Charity effort evolves into career for local gamer

After seven years of charity work, a generous game enthusiast has found himself at the centre of the gaming community across Atlantic Canada.

by Blake Seymour

After seven years of charity work, a generous game enthusiast has found himself at the center of the gaming community across Atlantic Canada.

Yazeed Sobaih is a Dalhousie graduate who has been making waves in the gaming industry. He is currently the Project Lead for Frag Studios, an organization focused on delivering events and content to both casual and competitive gamers. The beginning of Frag Studios can be traced back seven years to Yazeed’s desire to raise money for a cause dear to his heart.

“My father was diagnosed with lung cancer and he passed away from it,” Yazeed explained. “I wanted to give back to the community, but I wanted to do something unique; something that I’d enjoy and have fun with.”

The result of this was Frag For Cancer, a fundraiser focused on gamers getting together and playing games to raise money for charity. Since the first event in 2005, Frag For Cancer has been held annually at Dalhousie University with increasing success each year.

“It started off with thirty people. Then, the next time we did it, we had sixty, then three hundred people,” Yazeed said.

“We raise about five thousand dollars for charity each year.”

Eventually, Frag For Cancer was re-branded to Frag For Charity, since the interests of the group had changed from simply fundraising for Cancer charities to further organizations. This re-branding would open new doors for the expansion of this community event into a studio of its own. Frag for Charity began to expand out of Nova Scotia, and become a force known across Canada.

“Two years ago, Frag For Charity had its first online, Canada-wide tournament for the Canadian Mental Health Association. It was very, very successful.” Yazeed notes the importance of this tournament as a sort of trial for all that Frag studios would accomplish only a short two years later.

“This tournament gave us our credentials, as well as establishing a long-standing relationship with Bell Aliant.”

With the involvement of Bell Aliant as a sponsor, doors began to fly open for Frag Studios. Among the development and promotion of further tournaments, Yazeed also became involved in the production of a TV show called The Game Code. The show is the only one of its kind in Atlantic Canada; it focuses on exploring the gaming community and people all across the Atlantic provinces. Much like his other projects, however, the Game Code did not stay rooted in Atlantic Canada for long.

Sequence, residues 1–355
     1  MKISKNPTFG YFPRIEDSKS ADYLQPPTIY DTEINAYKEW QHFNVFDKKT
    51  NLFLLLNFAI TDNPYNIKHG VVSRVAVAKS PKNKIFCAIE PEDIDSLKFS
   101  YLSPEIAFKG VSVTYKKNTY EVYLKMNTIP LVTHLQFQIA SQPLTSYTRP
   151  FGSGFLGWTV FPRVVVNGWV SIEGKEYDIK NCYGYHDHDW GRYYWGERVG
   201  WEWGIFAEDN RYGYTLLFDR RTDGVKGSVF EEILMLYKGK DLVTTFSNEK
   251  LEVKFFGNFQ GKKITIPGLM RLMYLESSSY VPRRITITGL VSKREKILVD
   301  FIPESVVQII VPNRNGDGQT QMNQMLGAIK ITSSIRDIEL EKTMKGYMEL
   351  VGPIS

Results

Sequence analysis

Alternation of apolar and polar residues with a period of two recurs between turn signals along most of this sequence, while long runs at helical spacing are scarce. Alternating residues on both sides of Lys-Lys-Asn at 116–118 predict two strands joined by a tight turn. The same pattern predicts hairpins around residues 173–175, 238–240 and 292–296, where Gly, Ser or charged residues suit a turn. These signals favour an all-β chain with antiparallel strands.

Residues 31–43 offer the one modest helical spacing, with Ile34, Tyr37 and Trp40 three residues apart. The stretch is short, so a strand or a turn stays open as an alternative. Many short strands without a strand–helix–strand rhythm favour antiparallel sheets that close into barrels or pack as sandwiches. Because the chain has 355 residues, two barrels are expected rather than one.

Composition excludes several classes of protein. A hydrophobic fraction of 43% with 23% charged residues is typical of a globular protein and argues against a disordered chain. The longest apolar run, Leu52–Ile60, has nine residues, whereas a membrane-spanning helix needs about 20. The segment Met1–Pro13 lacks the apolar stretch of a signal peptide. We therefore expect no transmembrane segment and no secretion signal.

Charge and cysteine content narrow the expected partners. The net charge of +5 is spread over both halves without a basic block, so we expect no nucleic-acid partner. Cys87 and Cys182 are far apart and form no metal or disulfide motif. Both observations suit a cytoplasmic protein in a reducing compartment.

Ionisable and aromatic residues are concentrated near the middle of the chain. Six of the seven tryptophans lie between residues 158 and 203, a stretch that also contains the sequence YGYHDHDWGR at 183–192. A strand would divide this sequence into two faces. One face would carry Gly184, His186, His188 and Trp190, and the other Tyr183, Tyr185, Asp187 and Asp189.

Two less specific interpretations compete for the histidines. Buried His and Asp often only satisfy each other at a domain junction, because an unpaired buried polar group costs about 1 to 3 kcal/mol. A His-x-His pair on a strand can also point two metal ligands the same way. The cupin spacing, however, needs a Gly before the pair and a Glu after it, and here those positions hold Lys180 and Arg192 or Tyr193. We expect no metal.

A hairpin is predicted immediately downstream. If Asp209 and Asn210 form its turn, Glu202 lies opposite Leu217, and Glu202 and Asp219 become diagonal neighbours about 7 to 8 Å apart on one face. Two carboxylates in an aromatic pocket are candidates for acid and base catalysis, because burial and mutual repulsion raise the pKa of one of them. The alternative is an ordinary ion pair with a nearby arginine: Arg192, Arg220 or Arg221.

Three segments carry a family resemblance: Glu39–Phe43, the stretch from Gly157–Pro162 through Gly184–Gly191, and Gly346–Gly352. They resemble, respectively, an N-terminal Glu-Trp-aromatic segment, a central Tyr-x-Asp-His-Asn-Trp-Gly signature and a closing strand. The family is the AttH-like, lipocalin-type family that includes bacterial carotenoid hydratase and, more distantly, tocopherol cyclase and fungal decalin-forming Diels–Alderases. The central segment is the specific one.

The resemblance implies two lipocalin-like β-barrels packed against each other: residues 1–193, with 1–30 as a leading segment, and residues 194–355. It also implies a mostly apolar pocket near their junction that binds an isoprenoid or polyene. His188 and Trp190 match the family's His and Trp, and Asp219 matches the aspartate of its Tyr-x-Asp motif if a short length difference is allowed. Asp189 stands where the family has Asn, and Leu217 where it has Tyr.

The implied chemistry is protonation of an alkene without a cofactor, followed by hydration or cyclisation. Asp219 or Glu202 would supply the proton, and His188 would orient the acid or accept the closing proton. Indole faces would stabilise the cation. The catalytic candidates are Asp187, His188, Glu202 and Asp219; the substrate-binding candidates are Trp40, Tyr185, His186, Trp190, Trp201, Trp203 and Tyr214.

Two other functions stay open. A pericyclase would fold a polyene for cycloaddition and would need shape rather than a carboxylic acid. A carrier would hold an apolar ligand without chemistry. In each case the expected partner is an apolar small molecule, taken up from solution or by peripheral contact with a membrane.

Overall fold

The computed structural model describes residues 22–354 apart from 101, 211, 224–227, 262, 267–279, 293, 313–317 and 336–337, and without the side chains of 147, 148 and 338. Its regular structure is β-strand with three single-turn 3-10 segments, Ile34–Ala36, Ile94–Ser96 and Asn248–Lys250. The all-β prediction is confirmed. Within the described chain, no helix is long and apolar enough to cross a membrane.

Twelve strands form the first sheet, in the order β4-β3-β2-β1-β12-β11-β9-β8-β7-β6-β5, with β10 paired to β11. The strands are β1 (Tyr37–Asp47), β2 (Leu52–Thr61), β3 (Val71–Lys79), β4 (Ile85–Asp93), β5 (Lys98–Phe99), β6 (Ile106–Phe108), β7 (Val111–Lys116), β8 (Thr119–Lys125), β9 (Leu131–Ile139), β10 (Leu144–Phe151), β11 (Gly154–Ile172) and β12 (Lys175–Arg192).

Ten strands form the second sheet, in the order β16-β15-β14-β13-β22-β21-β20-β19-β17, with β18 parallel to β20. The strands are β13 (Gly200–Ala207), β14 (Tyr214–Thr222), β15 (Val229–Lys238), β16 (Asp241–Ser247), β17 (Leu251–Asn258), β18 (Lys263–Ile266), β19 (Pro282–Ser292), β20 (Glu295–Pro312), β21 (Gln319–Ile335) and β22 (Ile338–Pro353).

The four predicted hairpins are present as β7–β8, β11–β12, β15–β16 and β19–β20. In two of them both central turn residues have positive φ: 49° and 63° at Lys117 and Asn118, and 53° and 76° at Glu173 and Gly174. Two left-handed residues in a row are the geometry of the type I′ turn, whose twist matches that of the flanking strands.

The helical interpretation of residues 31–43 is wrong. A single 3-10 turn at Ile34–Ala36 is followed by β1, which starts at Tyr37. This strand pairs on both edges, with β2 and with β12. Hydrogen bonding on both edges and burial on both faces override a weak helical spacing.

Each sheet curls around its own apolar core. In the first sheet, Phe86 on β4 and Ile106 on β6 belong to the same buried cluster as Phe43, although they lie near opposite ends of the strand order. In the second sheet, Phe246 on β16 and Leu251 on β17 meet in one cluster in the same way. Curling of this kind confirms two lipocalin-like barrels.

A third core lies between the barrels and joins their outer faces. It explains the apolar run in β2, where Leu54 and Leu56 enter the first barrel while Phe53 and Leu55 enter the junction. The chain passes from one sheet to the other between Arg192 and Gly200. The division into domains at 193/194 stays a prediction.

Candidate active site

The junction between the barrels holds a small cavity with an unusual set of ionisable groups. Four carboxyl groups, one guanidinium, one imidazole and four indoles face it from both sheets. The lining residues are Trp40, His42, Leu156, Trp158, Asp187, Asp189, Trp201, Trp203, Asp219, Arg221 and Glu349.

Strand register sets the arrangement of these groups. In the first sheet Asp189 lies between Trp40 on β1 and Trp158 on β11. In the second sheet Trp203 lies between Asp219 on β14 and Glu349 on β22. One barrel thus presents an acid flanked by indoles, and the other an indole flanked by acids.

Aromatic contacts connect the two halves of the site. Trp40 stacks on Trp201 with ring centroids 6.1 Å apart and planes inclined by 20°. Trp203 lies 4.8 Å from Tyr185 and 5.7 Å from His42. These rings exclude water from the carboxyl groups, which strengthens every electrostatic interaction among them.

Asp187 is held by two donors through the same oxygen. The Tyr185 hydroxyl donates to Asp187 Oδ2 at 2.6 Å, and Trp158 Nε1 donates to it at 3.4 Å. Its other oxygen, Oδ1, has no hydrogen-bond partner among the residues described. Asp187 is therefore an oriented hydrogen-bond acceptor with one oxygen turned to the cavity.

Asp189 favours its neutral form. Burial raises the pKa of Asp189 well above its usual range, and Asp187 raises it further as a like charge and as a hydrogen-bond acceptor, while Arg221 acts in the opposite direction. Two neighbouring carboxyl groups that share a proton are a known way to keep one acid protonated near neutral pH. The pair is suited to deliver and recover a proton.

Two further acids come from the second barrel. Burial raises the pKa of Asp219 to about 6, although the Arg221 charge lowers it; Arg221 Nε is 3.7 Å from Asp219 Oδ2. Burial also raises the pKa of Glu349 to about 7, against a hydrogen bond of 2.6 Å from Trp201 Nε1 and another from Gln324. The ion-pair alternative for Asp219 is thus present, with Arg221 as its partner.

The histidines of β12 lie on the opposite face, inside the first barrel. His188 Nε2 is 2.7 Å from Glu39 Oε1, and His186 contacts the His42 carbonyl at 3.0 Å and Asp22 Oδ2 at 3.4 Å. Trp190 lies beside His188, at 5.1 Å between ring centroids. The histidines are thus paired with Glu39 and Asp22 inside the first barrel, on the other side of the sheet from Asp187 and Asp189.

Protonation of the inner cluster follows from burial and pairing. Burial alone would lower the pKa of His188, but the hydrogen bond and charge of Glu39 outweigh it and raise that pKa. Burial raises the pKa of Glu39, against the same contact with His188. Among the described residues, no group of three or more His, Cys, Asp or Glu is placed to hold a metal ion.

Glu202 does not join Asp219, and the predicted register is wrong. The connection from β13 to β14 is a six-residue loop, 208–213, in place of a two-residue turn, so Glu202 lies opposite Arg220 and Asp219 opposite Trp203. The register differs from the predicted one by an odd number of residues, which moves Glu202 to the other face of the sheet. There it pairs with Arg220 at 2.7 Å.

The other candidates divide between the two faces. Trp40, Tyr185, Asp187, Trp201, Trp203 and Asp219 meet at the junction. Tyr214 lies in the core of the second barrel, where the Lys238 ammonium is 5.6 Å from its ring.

“We were actually able to go and cover one of the biggest gaming conferences on the East Coast in Boston PAX East.” Yazeed and his crew were able to travel to Boston to film, tour and take in all that the three-day convention had to offer.

After returning from this trip on March 24th, Yazeed was back to work for Frag Studios. This time on more familiar turf: yet another online tournament.

The FibreOp Gaming League was established last year. It is running its Spring Cup Finals this weekend. There are four tournaments held under the FiberOP name a year and they boast more than five thousand dollars in prizes for each tournament. Gamers across Canada can compete, free of charge, to earn prizes and raise money for different charities across Canada. The finals for this season’s play will be held on Saturday and Sunday, at 4PM AST.

After this is done, Yazeed has no intention of quitting. FibreOp tournaments are still planned for later this year, Frag For Charity should be appearing again this October and The Game Code has been approved to make new episodes until the end of 2014.

“We want to build on this great opportunity we have where our career is proportionate to our passion; gaming. I’m very fortunate to have this opportunity, and I don’t want to see it go to waste.”